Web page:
Beach Babe [Susan Isham]


This is going to be controversial.  Just fair warning.

A week ago Sunday, our church had its annual picnic at Mason Lake.  Very unusually, it was hot, close to 90 degrees after servcies and the sun reached its zenith.  We trooped out, enjoyed the sunshine, ate our fill and fellowshiped.

But there was a wrinkle.

Pirate Me.

A couple of my good fgirl friends told me excitedly, “I’m going to wear my swimsuit!  You should too!”  Yeah.  That prospect filled me with dread.  Me in a swimsuit in front of, not perfect strangers, but people I actually know.  And I wouldn’t be taking my contacts out, so I wouldn’t have the advantage of seeing everyone like an Impressionist painting, either. No thanks. Potential for embarassment?  One hundred percent.  Shaving?  Too much.

But then I got to thinking.  It’s hot, I have no lake at my house, our kiddie pool got decommissioned early due to the roofing project…Maybe I should.  One lovely friend mentioned she was going to wear shorts anyway.  Okay, okay.  I’m in.

I’ve always loved swimming.  My dad used to call me a water baby.  I’ve played in the water, despite not having a perfect swimsuit body, my whole life.  Nobody can really see your body underwater and you move with more grace, buoyed by the density of the waves. I learned to swim at my grandparents’ summer home on Fisher’s Island, off the coast of New York.  My swimming pool was a cordoned-off section of the Atlantic. I learned to dive (not well) and do very basic swimming strokes.  I loved it.

So all those great memories flooded back into my heart.  Of course, now I’m a mom, and swimming means watching my kids to make sure they don’t meet a watery death. However, the sense of freedom and joy, a release and recess of sorts, lifted my heart.

The sun sparkled on the lake.  Many other families were there, skirting the covered picnic area, in various swimsuits, with floatation devices and jet boats and lots of sunscreen. I realized another problem.  My friends were planning to cover their swimsuits with tank tops.  My swimsuit…is a bikini.  Before you judge me as a harlot, hear me out.  My last “mom” swimsuit gave up the ghost.  I’d had it since Zac was three and it made my chest look like I had egg-carton breasts.  Not flattering.  I searched in vain for in for a swimsuit that would look good and cover everything.  I ordered a bikini I found online.  Has anyone else noticed the lack of flattering swimsuits lately, in any style?!  Eh.  Anyway, I wore the top and shorts.  But the top, bless it’s heart, didn’t cover my middle.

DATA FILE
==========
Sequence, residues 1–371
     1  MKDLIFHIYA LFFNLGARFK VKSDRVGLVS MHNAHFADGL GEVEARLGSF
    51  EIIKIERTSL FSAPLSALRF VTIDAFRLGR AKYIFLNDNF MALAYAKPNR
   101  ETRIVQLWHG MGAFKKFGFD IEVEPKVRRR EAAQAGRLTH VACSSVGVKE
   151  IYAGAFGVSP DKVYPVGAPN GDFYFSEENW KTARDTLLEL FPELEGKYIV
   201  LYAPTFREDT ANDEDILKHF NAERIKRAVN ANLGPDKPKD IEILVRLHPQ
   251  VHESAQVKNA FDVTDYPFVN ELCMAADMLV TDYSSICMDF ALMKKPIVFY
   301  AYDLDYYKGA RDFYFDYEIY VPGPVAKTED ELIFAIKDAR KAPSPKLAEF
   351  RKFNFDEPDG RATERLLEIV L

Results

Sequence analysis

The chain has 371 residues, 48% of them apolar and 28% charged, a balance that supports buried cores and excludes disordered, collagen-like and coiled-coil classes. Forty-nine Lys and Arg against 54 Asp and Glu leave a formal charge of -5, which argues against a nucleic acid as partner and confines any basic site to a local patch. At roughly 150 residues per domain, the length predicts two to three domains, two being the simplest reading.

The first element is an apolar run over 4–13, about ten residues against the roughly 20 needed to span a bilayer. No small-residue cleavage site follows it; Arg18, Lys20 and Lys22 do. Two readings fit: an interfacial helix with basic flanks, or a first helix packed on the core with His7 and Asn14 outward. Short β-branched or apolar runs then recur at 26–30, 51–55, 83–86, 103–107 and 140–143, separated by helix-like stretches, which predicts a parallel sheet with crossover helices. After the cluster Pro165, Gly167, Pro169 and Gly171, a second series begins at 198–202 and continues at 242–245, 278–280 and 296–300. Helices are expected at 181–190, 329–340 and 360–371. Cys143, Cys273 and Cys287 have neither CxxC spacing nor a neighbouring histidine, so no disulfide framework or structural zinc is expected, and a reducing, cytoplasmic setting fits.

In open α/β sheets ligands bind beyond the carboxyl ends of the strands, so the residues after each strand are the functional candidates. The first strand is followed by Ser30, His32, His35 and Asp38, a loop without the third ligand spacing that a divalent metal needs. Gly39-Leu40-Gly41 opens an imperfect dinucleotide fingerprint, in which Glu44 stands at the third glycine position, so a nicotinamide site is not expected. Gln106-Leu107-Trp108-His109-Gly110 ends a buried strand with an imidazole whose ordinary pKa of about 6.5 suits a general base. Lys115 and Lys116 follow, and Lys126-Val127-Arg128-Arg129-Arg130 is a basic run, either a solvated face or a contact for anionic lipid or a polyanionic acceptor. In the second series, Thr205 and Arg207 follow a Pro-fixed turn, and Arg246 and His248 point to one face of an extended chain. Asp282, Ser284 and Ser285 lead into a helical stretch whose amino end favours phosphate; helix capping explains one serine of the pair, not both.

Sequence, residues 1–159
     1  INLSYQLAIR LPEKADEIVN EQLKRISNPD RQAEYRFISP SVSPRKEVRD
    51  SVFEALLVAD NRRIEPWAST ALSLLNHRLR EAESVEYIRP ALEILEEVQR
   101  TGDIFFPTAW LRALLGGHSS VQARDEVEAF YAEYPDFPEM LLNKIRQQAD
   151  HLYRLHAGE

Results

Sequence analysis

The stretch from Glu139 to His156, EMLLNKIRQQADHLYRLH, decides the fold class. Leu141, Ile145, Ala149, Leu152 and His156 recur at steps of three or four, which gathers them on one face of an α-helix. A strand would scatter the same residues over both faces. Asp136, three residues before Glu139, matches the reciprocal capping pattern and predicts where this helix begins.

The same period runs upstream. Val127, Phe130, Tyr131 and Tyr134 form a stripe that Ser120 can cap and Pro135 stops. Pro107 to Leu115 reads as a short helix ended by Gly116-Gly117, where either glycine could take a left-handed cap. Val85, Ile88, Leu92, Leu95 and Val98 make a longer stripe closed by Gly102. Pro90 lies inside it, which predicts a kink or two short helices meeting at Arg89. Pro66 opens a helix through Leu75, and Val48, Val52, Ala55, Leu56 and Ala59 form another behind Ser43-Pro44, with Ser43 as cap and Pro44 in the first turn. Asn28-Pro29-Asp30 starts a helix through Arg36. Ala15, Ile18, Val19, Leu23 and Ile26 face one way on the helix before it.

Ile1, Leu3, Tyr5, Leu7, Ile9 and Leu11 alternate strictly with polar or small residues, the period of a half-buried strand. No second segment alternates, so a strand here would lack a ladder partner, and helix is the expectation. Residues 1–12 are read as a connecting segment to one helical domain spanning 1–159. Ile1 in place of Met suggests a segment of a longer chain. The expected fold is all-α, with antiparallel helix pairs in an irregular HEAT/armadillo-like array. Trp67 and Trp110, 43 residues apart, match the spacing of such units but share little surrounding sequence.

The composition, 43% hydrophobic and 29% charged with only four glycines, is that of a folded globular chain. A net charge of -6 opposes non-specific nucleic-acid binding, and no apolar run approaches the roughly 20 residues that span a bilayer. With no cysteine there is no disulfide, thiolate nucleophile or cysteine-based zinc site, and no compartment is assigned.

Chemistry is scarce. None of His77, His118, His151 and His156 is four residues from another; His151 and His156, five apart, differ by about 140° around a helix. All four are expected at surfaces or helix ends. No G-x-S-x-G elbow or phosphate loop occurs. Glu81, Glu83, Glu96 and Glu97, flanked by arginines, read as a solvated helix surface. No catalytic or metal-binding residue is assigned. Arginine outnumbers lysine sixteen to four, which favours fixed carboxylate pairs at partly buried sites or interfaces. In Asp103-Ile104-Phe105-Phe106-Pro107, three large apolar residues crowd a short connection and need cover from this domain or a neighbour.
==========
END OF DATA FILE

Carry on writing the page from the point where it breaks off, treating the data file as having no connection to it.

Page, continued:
I started to panic. My stomach would be exposed!  Everyone would see…what?  What, exactly, would be seen?  My less-than-flat midriff?  Are belly buttons sexy?  I guess I missed that memo.  I thought about covering up the swimsuit top.  But then I thought, Why?  What’s the point?  If I’m going to wear my swimsuit, then I should wear it.  Period.  If I cover it up, who’s going to know I’m even wearing it?  So I peeled off my tank top.

And I blended right in.  Oh, not with my church family, necessarily, though I did have a brave sister who wore her swimsuit, too, into the cold lake, right alongside me.  But the other families on the beach looked not unlike me.

All of this made me think.  The church universal has done a poor job of helping women make the transition from girl to adult.  We’ve been told, time and again, not to “make our brother stumble”.  We have to be modest.  We have to be covered up.  Don’t wear this on campus (Bethany). And the rest of the world is no better, brainwashing us into believing we should look like the size 0 model on the magazine cover, or to be buff beyond belief (I blame Jillian Michaels). But to what end?  All I saw was shame. When do we get to be comfortable in our own skins, happy with what we have and who God made us to be?  I’ll never be 5’8″ with legs that go on for days, like my sisters and most of my friends.  But I can work with what I have and be content.